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Scala built in types

Sumit Rawal answered on September 9, 2023 Popularity 5/10 Helpfulness 1/10


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  • Scala built in types


    Like many programming languages, Scala provides a set of built-in data types to represent various values. Here are some of the most common built-in data types in Scala:

    Int: Represents 32-bit signed integers. Example: val myInt: Int = 42

    Long: Represents 64-bit signed integers. Example: val myLong: Long = 1234567890123L

    Float: Represents single-precision floating-point numbers. Example: val myFloat: Float = 3.14f

    Double: Represents double-precision floating-point numbers. Example: val myDouble: Double = 3.14159265359

    Char: Represents a single Unicode character. Example: val myChar: Char = 'A'

    Boolean: Represents a Boolean value (true or false). Example: val isTrue: Boolean = true

    String: Represents a sequence of characters. Example: val myString: String = "Hello, Scala"

    Byte: Represents 8-bit signed integers. Example: val myByte: Byte = 127

    Short: Represents 16-bit signed integers. Example: val myShort: Short = 32767

    BigInt: Represents arbitrarily large integers. Example: val bigIntValue: BigInt = BigInt("1234567890123456789012345678901234567890")

    BigDecimal: Represents arbitrarily precise decimal numbers. Example: val bigDecimalValue: BigDecimal = BigDecimal("3.14159265358979323846264338327950288419716939937510")

    Unit: Represents the absence of a value, similar to void in other languages. It's often used as the return type for functions that perform side effects. Example: def printHello(): Unit = { println("Hello, Scala") }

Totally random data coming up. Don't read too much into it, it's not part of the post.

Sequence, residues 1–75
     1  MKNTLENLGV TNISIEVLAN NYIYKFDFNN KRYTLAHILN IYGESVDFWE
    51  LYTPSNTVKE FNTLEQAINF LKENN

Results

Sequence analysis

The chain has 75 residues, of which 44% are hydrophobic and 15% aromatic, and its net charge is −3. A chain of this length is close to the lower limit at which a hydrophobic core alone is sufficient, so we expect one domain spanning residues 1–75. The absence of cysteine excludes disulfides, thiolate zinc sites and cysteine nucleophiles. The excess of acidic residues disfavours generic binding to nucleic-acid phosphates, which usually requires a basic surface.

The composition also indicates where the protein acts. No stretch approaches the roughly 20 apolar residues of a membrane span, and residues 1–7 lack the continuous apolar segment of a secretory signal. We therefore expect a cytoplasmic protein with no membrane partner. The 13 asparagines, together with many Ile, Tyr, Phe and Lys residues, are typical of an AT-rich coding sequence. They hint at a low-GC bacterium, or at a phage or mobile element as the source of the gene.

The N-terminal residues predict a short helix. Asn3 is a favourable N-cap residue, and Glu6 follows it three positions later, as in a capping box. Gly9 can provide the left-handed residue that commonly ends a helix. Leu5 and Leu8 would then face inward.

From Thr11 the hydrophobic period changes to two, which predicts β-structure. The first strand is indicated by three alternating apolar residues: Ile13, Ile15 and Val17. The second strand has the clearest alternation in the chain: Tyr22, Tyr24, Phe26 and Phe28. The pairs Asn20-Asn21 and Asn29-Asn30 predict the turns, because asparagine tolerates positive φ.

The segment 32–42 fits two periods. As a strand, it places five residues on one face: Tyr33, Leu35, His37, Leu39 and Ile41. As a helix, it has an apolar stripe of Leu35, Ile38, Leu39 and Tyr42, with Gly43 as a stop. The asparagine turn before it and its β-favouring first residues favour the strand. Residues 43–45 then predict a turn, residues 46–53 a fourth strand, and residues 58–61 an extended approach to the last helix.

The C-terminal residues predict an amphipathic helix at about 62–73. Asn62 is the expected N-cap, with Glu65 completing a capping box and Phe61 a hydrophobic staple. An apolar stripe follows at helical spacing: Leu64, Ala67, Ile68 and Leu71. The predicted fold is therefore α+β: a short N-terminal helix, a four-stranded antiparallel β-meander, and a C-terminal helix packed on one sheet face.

Null: Represents a null reference. This type is not typically used explicitly; it's more relevant when dealing with interoperability with Java.

    Any: The supertype of all types in Scala's type system. This means any value can have the type Any. Example: val anyValue: Any = 42

    AnyRef: The supertype of all reference types (similar to Java's Object). Example: val anyRefValue: AnyRef = "Hello"

    Nothing: A subtype of all types, often used to indicate that a function doesn't return normally (e.g., throws an exception). It's also used to represent empty collections. Example: def throwError(): Nothing = throw new Exception("An error occurred")

    Option: Represents optional values used to avoid null references. It has two subclasses: Some (with a value) and None (no value). Example: val maybeValue: Option[Int] = Some(42)

    These built-in data types provide the foundation for working with various kinds of data in Scala. Additionally, Scala allows you to define your custom data types using classes and case classes, enabling you to create more complex and meaningful data structures for your applications.

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    Popularity 5/10 Helpfulness 1/10 Language scala
    Source: Grepper
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    Contributed on Sep 09 2023
    Sumit Rawal
    0 Answers  Avg Quality 2/10


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